TEXT: Required. Finite Mathematics Applied to the Real World 2nd Edition By Stefan Waner and Steven R. Costenoble (Brooks/Cole Pub Co, 2000).
• Catalog Description: Topics from logic, combinatorics, probability theory, and matrix algebra; applied to problems from social and biological sciences.
• SCOPE: This course will deal with the theory and application of what is often described as "finite mathematics." We will emphasize much of the linear algebra aspects of models for finite systems. This will cover primarily materials from chapters 1-4,6, 7, 9 and possibly G from the textbook and the internet. Supplementary notes and text will be provided as appropriate.
• TESTS AND ASSIGNMENTS: There will be several tests in this course. There will be several reality check quizzes, two midterm exams and a comprehensive final examination.
• Homework assignments are made regularly. They should be done neatly and  passed in on the due date. Homework is graded Acceptable/Unacceptable with problems to be  redone. Redone work should be returned for grading promptly.
• Exams will be announced at least one week in advance.
• THE FINAL EXAMINATION WILL BE SELF SCHEDULED.
• The final exam will be comprehensive, covering the entire semester.
• MAKE-UP TESTS WILL NOT BE GIVEN EXCEPT FOR VERY SPECIAL CIRCUMSTANCES! It is the student's responsibility to request a makeup promptly.
• *** DAILY ATTENDANCE SHOULD BE A HABIT! ***
• GRADES: Final grades will be determined taking into consideration the quality of work done in the course as evidenced primarily from the accumulation of points from tests and various  assignments. The final examination will be be worth either 200 or 300 points determined by the following rule:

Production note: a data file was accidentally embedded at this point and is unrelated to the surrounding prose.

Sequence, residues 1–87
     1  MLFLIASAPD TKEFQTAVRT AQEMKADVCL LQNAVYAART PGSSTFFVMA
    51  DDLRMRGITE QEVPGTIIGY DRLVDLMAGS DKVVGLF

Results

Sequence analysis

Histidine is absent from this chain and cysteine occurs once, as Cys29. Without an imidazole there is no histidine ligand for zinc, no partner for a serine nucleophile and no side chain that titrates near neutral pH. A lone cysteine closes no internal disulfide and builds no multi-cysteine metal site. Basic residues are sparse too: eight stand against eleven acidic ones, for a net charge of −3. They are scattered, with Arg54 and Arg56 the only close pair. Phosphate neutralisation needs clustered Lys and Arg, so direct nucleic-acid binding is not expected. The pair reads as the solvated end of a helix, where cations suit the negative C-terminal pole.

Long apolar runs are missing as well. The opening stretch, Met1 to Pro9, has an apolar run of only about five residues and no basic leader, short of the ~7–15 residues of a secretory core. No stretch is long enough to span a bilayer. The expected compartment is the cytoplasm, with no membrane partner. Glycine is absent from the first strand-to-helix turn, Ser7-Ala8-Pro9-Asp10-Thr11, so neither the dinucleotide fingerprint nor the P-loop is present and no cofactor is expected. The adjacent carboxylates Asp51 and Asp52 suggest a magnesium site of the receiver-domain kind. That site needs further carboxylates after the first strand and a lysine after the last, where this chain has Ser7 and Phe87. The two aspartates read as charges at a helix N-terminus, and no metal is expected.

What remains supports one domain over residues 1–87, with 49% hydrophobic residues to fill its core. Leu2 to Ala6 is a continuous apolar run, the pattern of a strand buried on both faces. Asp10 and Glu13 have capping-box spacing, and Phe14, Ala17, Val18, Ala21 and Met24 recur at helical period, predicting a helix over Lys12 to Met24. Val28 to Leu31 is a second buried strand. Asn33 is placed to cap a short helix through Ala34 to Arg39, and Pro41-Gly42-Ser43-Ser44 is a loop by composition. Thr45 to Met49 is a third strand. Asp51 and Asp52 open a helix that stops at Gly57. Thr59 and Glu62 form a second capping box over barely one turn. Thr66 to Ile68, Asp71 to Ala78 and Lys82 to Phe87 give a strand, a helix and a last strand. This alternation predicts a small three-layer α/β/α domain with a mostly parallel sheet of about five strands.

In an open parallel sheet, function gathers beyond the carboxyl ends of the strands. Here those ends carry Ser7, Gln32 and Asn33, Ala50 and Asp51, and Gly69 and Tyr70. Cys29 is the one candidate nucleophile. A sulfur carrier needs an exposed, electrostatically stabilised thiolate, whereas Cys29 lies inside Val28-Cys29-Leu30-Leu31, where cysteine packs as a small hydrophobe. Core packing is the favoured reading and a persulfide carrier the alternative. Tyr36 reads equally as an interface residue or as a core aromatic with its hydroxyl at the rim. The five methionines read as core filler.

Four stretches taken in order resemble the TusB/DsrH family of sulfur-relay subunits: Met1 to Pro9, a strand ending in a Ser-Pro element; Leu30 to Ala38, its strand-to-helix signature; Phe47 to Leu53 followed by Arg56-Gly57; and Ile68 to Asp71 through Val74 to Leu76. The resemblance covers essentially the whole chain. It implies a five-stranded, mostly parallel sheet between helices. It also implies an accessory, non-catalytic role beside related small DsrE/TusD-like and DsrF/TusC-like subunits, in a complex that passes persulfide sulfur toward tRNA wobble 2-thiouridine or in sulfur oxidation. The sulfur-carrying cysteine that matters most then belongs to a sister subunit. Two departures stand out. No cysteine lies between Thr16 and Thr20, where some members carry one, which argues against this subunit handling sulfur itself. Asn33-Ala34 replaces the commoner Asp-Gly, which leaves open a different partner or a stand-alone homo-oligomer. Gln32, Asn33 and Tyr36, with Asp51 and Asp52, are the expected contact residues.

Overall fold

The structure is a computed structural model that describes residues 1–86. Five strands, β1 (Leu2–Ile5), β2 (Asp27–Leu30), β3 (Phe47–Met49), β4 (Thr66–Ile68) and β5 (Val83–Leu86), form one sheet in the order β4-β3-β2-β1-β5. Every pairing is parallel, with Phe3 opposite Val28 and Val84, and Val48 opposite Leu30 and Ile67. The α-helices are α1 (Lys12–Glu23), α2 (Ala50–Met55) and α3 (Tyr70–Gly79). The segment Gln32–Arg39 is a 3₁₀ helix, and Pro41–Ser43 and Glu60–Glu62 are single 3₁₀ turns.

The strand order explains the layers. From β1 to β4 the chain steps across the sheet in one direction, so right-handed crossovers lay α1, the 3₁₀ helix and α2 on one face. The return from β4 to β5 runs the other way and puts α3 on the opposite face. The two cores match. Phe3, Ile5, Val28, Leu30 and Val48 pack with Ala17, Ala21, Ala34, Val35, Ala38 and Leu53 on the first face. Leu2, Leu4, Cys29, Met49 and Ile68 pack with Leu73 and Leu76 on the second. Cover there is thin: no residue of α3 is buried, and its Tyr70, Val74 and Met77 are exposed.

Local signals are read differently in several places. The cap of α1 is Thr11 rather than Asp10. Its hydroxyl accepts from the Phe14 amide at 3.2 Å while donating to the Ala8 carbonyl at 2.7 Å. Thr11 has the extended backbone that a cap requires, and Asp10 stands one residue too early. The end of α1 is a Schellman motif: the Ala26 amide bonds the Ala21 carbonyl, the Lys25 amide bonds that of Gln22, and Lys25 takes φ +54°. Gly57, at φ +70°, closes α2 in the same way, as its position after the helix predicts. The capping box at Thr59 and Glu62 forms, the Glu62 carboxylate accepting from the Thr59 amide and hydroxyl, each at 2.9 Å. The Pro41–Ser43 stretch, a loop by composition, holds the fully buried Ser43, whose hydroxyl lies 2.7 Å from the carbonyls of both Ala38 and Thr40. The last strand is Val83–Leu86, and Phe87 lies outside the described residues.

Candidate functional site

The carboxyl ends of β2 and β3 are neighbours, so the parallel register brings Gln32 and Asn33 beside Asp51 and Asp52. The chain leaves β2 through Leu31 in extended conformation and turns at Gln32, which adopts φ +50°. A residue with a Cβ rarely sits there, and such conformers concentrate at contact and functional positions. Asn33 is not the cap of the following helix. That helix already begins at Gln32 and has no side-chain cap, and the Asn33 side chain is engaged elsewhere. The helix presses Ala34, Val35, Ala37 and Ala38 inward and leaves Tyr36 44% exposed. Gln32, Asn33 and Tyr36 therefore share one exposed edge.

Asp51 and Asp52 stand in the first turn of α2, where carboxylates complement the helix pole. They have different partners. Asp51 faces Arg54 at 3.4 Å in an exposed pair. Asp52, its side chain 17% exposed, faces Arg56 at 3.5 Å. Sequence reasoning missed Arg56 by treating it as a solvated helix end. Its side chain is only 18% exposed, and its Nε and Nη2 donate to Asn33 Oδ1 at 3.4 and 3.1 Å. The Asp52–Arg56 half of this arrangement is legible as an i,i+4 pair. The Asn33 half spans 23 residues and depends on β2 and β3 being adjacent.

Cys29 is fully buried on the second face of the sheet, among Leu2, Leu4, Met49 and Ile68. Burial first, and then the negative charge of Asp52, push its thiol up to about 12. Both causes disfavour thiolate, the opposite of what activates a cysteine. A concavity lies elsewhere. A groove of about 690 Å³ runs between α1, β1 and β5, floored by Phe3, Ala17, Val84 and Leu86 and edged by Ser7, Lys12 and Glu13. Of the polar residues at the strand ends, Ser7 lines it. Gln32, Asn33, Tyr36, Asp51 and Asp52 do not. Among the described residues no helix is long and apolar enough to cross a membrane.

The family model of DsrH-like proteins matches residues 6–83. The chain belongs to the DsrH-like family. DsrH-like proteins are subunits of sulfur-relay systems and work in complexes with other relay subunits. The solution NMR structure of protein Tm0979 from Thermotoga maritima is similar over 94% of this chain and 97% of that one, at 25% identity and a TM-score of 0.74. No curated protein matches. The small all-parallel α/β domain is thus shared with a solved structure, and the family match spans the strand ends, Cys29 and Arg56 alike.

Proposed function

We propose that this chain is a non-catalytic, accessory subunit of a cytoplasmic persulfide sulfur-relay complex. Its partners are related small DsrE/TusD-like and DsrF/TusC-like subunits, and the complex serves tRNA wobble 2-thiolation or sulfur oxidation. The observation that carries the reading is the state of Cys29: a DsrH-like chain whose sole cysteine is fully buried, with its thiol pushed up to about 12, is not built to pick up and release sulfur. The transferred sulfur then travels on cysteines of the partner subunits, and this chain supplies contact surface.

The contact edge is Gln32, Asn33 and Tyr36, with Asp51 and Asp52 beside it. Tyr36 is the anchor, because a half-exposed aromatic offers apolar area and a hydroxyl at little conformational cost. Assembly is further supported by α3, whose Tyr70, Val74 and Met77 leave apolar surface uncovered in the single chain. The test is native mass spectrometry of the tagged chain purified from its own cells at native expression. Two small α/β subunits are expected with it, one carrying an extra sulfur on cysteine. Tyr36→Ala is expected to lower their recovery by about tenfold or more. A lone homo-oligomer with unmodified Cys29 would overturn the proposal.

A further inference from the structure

• The final grade will use the score that maximizes the average for the term based on all possible points .
 Reality Quizzes 150 points 2 Midterm Examinations 200 points Homework 50 points Final Examination 200 or 300 points Total 600 or 700 points
• The total points available for the semester is 600 or 700. Notice that only 400 or 500 of these points are from examinations, so regular participation is essential to forming a good foundation for your grades as well as your learning.

• MORE THAN 3 ABSENCES MAY LOWER THE FINAL GRADE FOR POOR ATTENDANCE.
** See the course schedule for the dates related to the following:
• No drops will be allowed without "serious and compelling reasons" and a fee.
• Students wishing to be graded with either CR or NC should make this request to the Adm & Rec office in writing or by using the web registration procedures.
• Technology: The computer or a graphing calculator can be used for many problems. We will use MATRIX.  Matrix by John Kennedy is designed particularly to help learn many finite mathematics applications using matrices on any PC. MATRIX can be obtained from me or downloaded from the Math Archives. Students wishing help with any graphing calculator should plan to bring their calculator manual with them to class.

• Another excellent on-line resource for many of the topics we will cover is the On - Line resources  connected with the text, Finite Mathematics 2nd Edition.
• Graphing Calculators: Graphing calculators are welcome and highly recommended. We may use the HP48G for some in-class work though most graphing calculators will be able to do much of this work. HP48G's may be available for students to borrow for the term through me by arrangement with the Math department. Supplementary materials will be distributed if needed. If you would like to purchase one or have one already, let me know. I will try to help you with your own technology during office hours or by appointment (not in class).